(Note: At this point you should be able to sustain the drone note with controlled and minimal air output) The goal with circular breathing is to sustain the drone note while “sneaking” in a breath through the nose creating a continuous sound. Here’s how it works: While playing a drone note with puffed cheeks, press the back of your tongue against the your upper soft pallet. This allows only your puffed cheeks (not the air in your lungs) to push out enough air to sustain the drone note while you sneak in a quick breath through your nose. Once you’ve breathed in, the back of your tongue will relax allowing air to pass from your lungs into your mouth to take over sustaining the drone. Then, once you’ve used about a 1/4 of your air supply in your lungs to sustain the drone, repeat the technique.
.-ALWAYS keep your cheeks puffed during EVERY step of the technique. The sound will stop if you don’t.
-You can also practice this technique without a didjeridu using only a straw and a glass of water. The idea is to blow bubbles into the water and keep them constent while trying the circular breathing technique.
First, make the following two sounds with just your tongue and mouth. Don’t play the didge at this point. The idea is to get use to the tongue action first. TE, KA, TE, KA. Pronounce these sounds focusing on the movement of your tongue only. It’s not necessary to use your voice. Do that over and over until it feels comfortable and natural. Next, I want you to insert a breath in through the nose at certain points in the pattern, still without actually playing the didge. The example below is with an 8 count pattern. The numbers will represent a down beat and the arrows, an up beat. The “B” will represent when you take a breath in through the nose:
1 ^ 2 ^ 3 ^ 4 ^ 5 ^ 6 ^ 7 ^ 8
TE KA B TE KA B TE KA B TE KA B TE KA B
…repeat as desired…
Try this slowly and consistently at first without the didge. Pick up the tempo if you want, but I recommend starting slow. Once you’re comfortable, place your lips in the mouth piece of the didge and try to play the rhythm. Sounds easy, right? Well it probably won’t be at first. Practice, and then practice some more.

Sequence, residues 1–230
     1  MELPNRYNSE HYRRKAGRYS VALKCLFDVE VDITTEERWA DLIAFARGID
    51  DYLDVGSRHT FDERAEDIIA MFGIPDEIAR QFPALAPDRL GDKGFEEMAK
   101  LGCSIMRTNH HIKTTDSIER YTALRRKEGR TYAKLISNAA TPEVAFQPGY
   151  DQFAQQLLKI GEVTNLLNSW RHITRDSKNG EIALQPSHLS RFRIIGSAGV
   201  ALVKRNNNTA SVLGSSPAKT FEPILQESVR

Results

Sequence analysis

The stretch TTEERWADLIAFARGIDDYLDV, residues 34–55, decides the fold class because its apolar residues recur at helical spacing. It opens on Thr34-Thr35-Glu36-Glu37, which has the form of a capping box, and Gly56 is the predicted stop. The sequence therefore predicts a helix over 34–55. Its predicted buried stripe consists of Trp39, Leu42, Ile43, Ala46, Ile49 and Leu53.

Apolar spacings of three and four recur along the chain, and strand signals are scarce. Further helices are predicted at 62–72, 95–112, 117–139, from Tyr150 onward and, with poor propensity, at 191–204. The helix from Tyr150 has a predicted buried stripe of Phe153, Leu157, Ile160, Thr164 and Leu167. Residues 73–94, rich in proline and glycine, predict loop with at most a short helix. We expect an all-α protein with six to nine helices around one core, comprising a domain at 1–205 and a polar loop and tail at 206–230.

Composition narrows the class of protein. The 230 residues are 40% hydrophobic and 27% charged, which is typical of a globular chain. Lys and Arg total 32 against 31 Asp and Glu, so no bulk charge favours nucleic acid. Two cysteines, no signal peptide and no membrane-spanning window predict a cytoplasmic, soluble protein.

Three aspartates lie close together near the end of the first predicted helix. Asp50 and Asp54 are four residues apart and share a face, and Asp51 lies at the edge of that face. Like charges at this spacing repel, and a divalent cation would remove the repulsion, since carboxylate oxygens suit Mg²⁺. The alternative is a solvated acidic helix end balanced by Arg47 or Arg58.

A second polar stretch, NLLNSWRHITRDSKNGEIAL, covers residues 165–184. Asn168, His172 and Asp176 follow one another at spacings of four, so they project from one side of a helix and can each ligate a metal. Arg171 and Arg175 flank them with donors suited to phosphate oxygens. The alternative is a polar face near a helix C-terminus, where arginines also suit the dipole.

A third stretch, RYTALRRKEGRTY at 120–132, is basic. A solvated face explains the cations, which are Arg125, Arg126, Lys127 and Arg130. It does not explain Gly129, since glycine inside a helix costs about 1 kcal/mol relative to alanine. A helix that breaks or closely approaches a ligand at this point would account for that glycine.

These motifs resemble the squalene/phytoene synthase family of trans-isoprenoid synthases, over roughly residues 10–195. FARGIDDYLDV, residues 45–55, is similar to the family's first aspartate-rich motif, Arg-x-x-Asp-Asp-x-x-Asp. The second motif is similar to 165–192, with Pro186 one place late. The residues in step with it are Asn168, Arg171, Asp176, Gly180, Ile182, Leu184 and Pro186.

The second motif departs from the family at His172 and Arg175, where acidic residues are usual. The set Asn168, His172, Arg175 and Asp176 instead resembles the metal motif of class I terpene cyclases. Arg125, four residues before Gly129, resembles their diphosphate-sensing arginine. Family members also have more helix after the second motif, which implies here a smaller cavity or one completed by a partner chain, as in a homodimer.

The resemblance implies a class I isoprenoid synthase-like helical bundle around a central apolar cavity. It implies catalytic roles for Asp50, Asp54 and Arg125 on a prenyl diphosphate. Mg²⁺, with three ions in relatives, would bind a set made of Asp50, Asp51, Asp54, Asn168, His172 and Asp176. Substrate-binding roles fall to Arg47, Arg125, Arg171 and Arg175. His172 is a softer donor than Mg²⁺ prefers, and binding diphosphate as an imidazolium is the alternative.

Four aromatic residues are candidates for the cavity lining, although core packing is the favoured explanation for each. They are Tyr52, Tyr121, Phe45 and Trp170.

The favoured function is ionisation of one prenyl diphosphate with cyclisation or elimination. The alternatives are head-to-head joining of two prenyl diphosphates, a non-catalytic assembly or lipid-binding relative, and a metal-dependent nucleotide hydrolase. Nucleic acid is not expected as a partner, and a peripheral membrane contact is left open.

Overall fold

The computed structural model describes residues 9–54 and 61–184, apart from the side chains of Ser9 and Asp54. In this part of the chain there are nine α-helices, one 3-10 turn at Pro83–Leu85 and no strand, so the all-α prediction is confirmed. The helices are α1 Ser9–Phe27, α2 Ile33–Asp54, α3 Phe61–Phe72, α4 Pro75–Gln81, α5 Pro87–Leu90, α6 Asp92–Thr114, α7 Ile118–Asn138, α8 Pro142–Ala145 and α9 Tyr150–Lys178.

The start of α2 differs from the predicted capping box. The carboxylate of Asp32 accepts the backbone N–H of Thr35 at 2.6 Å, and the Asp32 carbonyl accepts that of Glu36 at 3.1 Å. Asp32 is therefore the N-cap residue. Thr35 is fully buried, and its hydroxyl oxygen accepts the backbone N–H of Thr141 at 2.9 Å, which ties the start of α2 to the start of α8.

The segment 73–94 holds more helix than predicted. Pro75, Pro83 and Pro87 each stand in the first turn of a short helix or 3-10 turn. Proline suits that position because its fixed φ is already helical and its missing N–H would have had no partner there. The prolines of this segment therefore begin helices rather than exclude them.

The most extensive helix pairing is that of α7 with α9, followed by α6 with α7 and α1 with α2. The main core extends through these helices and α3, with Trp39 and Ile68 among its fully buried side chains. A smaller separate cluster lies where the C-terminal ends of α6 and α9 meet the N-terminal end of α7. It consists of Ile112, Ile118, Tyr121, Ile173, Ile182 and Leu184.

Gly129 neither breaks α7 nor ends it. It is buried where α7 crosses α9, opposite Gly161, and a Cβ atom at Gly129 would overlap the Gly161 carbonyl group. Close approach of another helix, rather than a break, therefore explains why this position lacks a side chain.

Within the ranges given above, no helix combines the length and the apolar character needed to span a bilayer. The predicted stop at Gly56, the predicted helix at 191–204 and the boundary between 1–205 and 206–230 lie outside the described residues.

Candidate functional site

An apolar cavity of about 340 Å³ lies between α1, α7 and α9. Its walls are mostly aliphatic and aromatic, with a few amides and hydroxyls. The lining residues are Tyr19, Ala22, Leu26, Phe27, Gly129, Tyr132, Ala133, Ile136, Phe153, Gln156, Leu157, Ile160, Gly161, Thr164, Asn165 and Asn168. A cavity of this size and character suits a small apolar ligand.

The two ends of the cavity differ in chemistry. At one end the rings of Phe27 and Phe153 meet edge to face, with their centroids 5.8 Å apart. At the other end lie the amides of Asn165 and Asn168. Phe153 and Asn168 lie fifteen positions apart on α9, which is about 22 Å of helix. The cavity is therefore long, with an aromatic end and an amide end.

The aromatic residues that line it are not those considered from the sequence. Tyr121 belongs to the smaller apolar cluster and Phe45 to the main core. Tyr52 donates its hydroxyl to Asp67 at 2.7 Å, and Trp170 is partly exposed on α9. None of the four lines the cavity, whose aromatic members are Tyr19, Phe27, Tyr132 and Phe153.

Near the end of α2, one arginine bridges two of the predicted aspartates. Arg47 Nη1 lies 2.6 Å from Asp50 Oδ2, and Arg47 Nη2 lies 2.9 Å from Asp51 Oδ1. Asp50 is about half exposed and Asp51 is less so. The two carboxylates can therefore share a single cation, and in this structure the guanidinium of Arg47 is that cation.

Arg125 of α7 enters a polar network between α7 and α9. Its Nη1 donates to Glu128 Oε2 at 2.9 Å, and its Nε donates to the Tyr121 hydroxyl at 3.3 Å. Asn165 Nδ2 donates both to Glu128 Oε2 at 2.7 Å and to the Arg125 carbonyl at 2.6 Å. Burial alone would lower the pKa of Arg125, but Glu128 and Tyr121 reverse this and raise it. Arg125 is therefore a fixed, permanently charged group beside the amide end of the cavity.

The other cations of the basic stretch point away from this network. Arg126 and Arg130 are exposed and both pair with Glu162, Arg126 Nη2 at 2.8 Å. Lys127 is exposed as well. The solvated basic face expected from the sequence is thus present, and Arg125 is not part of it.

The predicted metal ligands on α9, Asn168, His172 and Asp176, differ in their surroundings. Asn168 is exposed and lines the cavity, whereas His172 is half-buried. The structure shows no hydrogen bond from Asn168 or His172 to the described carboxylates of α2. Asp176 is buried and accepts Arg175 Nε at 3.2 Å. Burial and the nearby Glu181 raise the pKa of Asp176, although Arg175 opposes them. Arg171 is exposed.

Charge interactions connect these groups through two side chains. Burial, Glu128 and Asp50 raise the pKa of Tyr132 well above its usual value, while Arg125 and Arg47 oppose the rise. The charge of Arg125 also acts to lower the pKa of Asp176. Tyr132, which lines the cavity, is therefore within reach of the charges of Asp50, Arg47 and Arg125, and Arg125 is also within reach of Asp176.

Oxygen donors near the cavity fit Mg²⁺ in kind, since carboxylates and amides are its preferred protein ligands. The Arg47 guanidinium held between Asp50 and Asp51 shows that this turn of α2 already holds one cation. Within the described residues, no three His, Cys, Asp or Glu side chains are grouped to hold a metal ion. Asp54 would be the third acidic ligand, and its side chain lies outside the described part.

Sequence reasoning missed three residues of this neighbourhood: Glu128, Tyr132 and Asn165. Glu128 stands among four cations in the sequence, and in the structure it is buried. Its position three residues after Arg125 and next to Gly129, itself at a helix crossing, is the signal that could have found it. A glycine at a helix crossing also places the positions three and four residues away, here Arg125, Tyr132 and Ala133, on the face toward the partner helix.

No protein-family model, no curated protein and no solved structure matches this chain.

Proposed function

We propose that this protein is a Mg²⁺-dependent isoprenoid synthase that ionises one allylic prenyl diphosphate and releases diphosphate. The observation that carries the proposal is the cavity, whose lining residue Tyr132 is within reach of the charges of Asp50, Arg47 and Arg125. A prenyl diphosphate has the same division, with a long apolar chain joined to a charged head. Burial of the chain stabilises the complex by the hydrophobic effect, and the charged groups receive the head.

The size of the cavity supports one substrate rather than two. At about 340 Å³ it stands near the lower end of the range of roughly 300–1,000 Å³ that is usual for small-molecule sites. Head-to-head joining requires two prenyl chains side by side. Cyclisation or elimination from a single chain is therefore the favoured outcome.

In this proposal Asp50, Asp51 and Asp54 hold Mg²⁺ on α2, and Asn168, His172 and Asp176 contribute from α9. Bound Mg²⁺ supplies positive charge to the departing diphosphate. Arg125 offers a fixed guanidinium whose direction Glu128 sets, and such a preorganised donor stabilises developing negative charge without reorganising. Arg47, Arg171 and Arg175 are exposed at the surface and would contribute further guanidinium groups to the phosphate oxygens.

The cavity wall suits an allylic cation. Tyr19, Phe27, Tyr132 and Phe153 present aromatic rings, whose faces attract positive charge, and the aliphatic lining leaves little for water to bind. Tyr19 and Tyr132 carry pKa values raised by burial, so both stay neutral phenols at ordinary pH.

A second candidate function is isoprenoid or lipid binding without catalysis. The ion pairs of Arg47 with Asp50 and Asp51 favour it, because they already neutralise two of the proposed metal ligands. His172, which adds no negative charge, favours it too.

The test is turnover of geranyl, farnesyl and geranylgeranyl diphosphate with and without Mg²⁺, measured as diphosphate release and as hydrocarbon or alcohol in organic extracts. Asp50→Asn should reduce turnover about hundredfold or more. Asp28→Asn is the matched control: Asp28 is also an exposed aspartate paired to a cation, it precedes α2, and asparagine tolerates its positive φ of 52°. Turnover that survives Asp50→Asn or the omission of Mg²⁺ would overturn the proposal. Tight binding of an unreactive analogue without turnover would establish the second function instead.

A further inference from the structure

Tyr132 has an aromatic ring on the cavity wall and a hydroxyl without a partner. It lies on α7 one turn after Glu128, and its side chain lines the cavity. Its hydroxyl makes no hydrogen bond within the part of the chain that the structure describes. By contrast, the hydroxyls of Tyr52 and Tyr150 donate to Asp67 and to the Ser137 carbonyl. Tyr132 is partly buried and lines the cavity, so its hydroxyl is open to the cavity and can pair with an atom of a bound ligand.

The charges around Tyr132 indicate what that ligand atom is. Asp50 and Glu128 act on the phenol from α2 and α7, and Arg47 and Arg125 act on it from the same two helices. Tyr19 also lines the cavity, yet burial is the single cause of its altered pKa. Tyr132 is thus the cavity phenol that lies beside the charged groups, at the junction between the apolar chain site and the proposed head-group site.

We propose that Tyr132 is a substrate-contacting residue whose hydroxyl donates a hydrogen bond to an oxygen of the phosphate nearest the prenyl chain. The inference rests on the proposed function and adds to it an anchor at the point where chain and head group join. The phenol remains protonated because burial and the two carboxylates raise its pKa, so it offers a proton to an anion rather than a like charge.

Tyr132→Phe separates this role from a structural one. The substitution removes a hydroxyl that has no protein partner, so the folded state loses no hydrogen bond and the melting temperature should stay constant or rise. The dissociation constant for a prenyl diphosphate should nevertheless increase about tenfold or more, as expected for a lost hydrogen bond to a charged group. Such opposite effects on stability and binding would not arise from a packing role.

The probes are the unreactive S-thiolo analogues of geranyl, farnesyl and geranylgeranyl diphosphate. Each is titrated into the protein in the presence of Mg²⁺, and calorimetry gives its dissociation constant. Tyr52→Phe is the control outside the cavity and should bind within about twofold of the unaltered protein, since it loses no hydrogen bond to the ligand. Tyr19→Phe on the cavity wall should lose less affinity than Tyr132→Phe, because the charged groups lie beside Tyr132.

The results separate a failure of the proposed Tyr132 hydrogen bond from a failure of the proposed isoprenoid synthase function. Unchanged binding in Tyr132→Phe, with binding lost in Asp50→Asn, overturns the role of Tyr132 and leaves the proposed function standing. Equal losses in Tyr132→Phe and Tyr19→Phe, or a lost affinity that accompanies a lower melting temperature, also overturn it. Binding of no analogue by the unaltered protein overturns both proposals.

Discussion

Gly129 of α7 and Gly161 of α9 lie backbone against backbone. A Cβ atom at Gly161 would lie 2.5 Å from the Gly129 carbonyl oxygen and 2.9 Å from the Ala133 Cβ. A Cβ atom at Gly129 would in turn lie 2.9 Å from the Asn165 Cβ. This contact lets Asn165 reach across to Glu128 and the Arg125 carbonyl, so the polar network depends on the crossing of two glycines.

The tricky parts will be accenting the “TE KA” sounds while droning. Start the movements of the tongue subtly at first. When you start to feel it and hear it with the drone, you can begin to emphasize the “TE KA” more by using more abrupt tongue movements. The breath in will be challenging at first, especially if you don’t have the circular breathing down, but it’s OK; you can still play the rhythm. If you can’t circular breathe yet, play the rhythm anyway and breathe as needed, even if the drone stops.
Once you get circular breathing and you play the rhythm above, you’ll hear a “WAH” sound on the breath in. This can make the rhythm sound like: TE KA WAH TE KA WAH.
This information is relatively basic compared to what is possible. If you’ve gotten this far and you want to learn more (breath control, technique, rhythms, trumpets, vocalizations, odd time signatures and more), please contact me and I’ll be more than happy to help you with lessons and tips.
Best wishes on your Didge playing path,